Robert Aitken produced the first English language New Testament made in America. Before the Revolution, it had been impossible to print an English language version of the Bible in the colonies because no American printers held a license from the King granting permission to print the Bible. The war cut off shipments of Bibles from Great Britain, but also got rid of the need for the license; thereby creating a shortage of Bibles and the ability to print them in America.
Robert Aitken stepped in to fill this void. Beginning in 1777, Aitken began publishing and selling New Testaments (I replicate this 1777 New Testament). Demand was heavy, so every year, for the next five years, Aitken published a new edition of his New Testament base off of the King James Bible. In total, he published five editions: Aitken’s second edition was published in 1778; his third in 1779; his fourth in 1780; and finally his last and fifth edition was published in 1781 (I replicate this 1781 New Testament). I am unsure of the number of New Testaments Aitken printed each year, but I expect that it was somewhere between one thousand and ten thousand. Only his 1777 & 1781 New Testaments still exist today.
It was not until 1782 that Aitken published his first complete Bible; his first Old Testament (1782) was added to his previously printed 1781 New Testament. I used to think that Aitken planned ahead and printed about ten thousand additional New Testaments in 1781 and had them waiting to be bound with the ten thousand Old Testaments that he printed in 1782. However, since getting a chance to view more of his original 1782 Old Testaments, I can now identify at least two different printings of his 1782 Old Testaments. So, maybe I am wrong about when he printed the 1781 New Testaments that he added to his 1782 “Bible of the Revolution”. You will notice that the 1782 Bible’s New Testament title page is dated 1781, while the Old Testament is dated 1782. 1782 was the only year that the Aitken Bible, aka “Bible of the Revolution” was published. I also replicate Aitken’s 1782 “Bible of the Revolution”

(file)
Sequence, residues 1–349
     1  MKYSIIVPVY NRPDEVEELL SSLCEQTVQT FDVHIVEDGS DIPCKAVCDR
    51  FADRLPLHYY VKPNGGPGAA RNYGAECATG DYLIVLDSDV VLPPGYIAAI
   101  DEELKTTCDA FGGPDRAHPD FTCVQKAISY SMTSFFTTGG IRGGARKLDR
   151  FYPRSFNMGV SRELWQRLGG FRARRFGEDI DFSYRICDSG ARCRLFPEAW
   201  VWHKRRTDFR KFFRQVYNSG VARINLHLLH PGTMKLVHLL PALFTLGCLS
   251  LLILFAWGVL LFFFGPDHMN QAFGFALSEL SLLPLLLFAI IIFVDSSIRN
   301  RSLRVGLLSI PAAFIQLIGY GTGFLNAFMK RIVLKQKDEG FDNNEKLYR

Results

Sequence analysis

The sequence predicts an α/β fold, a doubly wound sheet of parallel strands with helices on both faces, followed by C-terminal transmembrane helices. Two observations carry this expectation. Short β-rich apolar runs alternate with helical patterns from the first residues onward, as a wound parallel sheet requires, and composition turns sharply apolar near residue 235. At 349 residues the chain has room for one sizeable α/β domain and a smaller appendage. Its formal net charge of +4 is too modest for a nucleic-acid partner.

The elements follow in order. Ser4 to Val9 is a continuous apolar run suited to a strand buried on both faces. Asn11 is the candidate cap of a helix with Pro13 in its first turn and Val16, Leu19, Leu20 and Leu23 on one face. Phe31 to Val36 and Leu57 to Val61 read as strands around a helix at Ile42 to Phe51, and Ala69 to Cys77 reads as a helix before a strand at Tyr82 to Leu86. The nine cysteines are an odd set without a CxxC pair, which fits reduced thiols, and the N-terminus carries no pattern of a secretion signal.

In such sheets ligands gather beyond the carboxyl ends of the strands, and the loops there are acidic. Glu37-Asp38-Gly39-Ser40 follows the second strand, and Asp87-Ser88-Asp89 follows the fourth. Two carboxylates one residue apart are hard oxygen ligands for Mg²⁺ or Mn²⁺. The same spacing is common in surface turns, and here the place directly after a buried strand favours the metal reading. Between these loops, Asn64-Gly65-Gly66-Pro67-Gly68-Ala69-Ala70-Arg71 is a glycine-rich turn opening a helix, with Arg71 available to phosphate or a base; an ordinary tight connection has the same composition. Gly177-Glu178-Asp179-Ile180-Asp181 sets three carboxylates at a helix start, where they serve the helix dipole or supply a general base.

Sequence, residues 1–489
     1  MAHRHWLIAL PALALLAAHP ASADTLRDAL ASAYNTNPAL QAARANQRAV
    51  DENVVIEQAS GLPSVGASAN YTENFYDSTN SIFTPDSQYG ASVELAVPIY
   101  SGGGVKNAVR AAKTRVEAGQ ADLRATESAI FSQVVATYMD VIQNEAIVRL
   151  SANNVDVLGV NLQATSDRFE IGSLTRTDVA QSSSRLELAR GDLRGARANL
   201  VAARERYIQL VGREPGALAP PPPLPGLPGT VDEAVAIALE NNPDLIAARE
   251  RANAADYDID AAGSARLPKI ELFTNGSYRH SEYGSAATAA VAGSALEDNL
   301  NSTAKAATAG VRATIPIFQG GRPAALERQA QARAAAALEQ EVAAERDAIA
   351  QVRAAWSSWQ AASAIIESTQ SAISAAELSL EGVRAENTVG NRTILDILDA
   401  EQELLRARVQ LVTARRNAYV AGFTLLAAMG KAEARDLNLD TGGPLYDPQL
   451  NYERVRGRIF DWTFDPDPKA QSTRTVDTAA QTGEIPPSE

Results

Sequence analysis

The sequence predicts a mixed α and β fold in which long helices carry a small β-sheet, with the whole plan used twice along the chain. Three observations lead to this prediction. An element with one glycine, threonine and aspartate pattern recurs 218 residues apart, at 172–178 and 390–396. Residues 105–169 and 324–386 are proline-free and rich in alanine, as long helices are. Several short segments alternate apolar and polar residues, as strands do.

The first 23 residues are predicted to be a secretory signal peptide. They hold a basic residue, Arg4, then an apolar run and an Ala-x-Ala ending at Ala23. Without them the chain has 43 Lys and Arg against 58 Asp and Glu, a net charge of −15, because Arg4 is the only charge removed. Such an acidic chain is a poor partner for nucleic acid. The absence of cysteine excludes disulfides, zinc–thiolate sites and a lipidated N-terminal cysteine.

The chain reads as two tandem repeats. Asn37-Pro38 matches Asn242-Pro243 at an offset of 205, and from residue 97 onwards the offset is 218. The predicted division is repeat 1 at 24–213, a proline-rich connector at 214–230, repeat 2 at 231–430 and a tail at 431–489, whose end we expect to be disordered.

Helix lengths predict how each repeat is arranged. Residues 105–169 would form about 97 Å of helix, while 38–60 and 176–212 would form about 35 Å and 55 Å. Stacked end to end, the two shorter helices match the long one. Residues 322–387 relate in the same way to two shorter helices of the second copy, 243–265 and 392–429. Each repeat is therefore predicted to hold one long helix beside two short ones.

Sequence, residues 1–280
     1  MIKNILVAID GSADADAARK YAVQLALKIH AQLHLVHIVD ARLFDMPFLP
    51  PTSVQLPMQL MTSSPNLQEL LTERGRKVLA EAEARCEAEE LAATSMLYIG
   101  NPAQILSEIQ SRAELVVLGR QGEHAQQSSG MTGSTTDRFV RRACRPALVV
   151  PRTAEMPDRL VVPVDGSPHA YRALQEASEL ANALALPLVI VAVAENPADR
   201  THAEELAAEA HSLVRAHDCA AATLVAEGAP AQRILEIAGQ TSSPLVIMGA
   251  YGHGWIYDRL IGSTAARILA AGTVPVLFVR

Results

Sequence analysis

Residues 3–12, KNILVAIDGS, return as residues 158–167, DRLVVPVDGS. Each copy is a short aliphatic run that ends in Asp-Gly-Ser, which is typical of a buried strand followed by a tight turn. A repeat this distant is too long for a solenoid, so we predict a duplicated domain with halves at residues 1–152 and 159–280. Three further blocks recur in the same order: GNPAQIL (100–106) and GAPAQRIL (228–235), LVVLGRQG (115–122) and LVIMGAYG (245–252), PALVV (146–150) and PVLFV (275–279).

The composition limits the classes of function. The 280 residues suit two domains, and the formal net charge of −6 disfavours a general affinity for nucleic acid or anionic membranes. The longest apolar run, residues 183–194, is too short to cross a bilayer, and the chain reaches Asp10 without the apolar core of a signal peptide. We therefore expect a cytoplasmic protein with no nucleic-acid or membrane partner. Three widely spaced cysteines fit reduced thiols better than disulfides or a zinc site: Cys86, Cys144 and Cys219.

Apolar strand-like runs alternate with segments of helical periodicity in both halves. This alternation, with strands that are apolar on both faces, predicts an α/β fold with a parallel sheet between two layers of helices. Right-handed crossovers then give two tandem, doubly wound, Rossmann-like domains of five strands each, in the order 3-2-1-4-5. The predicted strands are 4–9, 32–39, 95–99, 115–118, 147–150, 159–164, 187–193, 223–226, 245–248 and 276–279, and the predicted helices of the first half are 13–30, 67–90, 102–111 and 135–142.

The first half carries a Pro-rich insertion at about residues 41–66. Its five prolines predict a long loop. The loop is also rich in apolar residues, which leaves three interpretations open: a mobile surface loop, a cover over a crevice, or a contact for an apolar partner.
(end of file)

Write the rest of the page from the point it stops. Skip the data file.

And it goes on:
After the war, America was once again flooded with inexpensive Bibles from England. Aitken was stuck with way too many Bibles and was near financial ruin. The Presbyterian Synod stepped in and purchased Aitken’s remaining stock and gave them to the poor; thus saving him from bankruptcy.
Original Aitken Bibles are very rare. The last copy I saw sold went for about $150,000.
The last time I looked, the following institutions were owners of original Aitken Bibles.
Goddard Library at Gordon-Cronwell Theological owns Aitken’s 1782 Old Testament
Mass. Historical Society
New York State Library
Library of Congress
American Antiquarian Society in Worcester Massachusetts
American Bible Society
Lenox Library New York
Maryland Episcopal Library Baltimore MD
Connecticut Historical Society
Philadelphia Library Company
Pennsylvania Historical Society
The Museum of the Bible in Washington, DC
Check out my replicas of each of Aitken’s books at the following links:
1777 New Testament: Click Here
1782 Bible of the Revolution: Click Here